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Britain facing home-grown terrorist threat, report says

By the CNN Wire Staff
Britain is facing an increasing threat from lone home-grown terrorists says a security think tank.
Britain is facing an increasing threat from lone home-grown terrorists says a security think tank.
  • Prison radicalization may produce as many as 800 new offenders, the report says
  • The report identifies a potential "new wave" of terrorism from individuals
  • It says the threat may also come from radicalized Muslims in prison
  • Islamism
  • Terrorism

London, England (CNN) -- Britain is facing an increasing threat from lone home-grown terrorists, especially among radicalized Muslims in the prison system, a report from a security think tank said Friday.

There is the potential for a "new wave" of terrorism in Britain that is shifting from large-scale bombings requiring considerable amounts of training and operational support toward lone individuals carrying out attacks on a smaller scale, according to the report from the Royal United Services Institute.

"Rather than sending out trained 'cell leaders' to conduct preparation for sophisticated operations, AQAP (al Qaeda in the Arabian Peninsula) and other related organizations have recently been content to send out a higher number of lone individuals (or at least lightly supported ones) whose chances of success are considerably lower, but whose number and presence raise similar public anxieties," the report said. "Eventually, it is reasoned, one of them will be lucky enough to succeed in a major way against high-profile targets in Western countries."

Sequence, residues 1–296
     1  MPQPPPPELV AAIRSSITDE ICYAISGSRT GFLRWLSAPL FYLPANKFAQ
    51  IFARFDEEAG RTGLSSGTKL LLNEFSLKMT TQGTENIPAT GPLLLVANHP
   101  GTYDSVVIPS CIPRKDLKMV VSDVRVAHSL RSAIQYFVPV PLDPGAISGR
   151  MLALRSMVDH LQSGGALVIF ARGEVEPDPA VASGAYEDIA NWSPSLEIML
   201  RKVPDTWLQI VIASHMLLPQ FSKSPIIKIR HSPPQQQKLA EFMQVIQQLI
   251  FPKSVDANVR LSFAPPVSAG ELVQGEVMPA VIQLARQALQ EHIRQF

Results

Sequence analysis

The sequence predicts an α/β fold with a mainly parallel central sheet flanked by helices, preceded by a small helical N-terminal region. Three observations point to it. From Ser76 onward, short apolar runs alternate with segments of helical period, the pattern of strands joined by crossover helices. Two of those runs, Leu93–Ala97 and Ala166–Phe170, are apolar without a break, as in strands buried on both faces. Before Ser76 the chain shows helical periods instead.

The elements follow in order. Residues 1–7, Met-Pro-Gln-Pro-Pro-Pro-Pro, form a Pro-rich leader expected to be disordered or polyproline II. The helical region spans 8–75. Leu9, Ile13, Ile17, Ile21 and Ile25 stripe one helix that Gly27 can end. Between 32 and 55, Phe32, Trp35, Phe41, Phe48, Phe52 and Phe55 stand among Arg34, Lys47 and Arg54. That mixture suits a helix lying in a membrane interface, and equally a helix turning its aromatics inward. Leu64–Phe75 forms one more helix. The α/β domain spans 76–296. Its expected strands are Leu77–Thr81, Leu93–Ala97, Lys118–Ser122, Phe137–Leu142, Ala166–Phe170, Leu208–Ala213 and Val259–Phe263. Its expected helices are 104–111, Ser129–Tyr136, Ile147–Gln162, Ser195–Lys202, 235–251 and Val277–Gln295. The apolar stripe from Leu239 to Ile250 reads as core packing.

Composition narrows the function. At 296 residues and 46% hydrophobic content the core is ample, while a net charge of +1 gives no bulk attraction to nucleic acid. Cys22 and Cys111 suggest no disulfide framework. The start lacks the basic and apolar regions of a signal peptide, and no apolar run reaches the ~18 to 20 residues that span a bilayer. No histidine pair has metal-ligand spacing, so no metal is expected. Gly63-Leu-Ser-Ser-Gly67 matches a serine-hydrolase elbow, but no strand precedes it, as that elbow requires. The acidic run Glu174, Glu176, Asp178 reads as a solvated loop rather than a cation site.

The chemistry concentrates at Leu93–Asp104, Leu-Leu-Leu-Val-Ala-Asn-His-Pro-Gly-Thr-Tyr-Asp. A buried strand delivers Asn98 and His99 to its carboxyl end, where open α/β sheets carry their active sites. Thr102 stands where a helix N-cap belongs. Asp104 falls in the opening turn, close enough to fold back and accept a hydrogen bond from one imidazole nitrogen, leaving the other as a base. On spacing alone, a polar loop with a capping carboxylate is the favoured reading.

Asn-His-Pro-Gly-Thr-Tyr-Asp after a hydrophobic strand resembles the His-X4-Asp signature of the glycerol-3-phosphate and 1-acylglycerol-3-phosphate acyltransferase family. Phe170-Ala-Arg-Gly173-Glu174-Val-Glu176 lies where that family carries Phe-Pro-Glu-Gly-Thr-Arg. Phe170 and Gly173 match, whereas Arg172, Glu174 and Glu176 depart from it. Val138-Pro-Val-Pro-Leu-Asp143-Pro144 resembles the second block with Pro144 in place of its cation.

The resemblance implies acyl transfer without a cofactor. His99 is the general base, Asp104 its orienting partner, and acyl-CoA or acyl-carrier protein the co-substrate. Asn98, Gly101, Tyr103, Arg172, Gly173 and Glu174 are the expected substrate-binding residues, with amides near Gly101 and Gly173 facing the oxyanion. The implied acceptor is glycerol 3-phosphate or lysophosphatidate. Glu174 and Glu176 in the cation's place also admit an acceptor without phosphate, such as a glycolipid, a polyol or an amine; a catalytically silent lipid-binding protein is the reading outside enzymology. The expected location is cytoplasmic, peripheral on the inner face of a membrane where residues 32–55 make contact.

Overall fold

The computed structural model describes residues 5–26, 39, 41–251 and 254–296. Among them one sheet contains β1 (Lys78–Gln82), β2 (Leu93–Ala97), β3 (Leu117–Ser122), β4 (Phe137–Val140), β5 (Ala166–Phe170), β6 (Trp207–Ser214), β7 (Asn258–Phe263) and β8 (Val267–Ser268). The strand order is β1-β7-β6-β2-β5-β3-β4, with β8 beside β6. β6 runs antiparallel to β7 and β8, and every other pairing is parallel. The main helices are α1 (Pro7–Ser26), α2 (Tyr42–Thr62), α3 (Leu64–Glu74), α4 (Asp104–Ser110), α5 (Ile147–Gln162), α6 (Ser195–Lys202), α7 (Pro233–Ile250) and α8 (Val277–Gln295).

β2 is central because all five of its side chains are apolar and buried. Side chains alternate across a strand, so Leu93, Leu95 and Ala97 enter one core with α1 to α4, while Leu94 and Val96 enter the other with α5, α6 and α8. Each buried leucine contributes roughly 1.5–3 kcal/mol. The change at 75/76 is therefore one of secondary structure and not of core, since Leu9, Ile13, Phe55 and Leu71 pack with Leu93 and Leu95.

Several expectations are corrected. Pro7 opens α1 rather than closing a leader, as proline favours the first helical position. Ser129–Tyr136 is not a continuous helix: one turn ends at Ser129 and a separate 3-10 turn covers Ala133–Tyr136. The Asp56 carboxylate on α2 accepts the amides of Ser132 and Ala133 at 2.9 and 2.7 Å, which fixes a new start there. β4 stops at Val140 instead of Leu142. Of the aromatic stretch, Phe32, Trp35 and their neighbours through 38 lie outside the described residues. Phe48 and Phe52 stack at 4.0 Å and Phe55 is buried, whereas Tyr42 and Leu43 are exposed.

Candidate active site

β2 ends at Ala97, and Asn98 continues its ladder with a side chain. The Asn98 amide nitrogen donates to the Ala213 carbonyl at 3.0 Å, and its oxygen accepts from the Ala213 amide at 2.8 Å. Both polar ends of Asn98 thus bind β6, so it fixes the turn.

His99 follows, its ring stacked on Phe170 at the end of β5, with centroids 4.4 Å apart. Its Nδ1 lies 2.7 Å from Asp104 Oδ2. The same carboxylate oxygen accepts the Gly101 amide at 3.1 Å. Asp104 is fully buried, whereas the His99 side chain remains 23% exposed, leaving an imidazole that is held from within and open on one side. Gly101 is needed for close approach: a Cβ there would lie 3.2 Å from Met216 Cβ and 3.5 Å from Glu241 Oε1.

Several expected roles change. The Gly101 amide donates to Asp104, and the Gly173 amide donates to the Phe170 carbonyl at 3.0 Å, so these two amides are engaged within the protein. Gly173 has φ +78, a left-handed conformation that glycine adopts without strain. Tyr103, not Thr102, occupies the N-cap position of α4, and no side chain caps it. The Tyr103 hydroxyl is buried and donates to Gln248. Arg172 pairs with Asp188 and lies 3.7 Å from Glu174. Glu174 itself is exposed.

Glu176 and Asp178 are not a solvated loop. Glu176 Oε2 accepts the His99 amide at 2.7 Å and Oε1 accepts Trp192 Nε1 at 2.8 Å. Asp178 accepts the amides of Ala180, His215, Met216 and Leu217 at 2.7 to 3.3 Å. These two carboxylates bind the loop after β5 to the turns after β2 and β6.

One trend contributing to the "new wave" of terrorism is the escalating rate of radicalization of Muslims in the British prison system, which the report says may produce as many as 800 "potentially violent radicals."

"Jihadist radicalization is believed by the prison authorities to be taking place at a rapid rate, especially in the eight high-security institutions where most terrorist prisoners are kept," the report said.

Prison probation officers believe that around one in ten of the 8,000 Muslim prisoners in high-security institutions in England and Wales are successfully targeted, the report said. These prisoners were not previously convicted of terrorism offenses, it said.

"The prison chaplaincy, including its Muslim adviser, told a parliamentary committee last year that the situation was becoming progressively worse," the report said. "It remains to be seen how much of this 'new radicalism' may find actual expression in violent acts or attempts at recruitment."

The use of more lone individuals in carrying out attacks can be seen in the case of Yemeni-American cleric Anwar al-Awlaki, suspected in the failed bombing of a Detroit-bound passenger plane on Christmas Day last year, the report said.

The U.S. Treasury Department last month designated al-Awlaki a key leader for al Qaeda in the Arabian Peninsula, and he is believed to be hiding in Yemen.

The report also cited the failed Times Square bombing May 1 in New York, to which 30-year-old Pakistani-American Faisal Shahzad has pleaded guilty.

"This new breed of jihadists have only tenuous links to any major terrorist organisation and receive little training and few resources, increasing the difficulty for the police and intelligence services in tracking and intercepting them," the report said.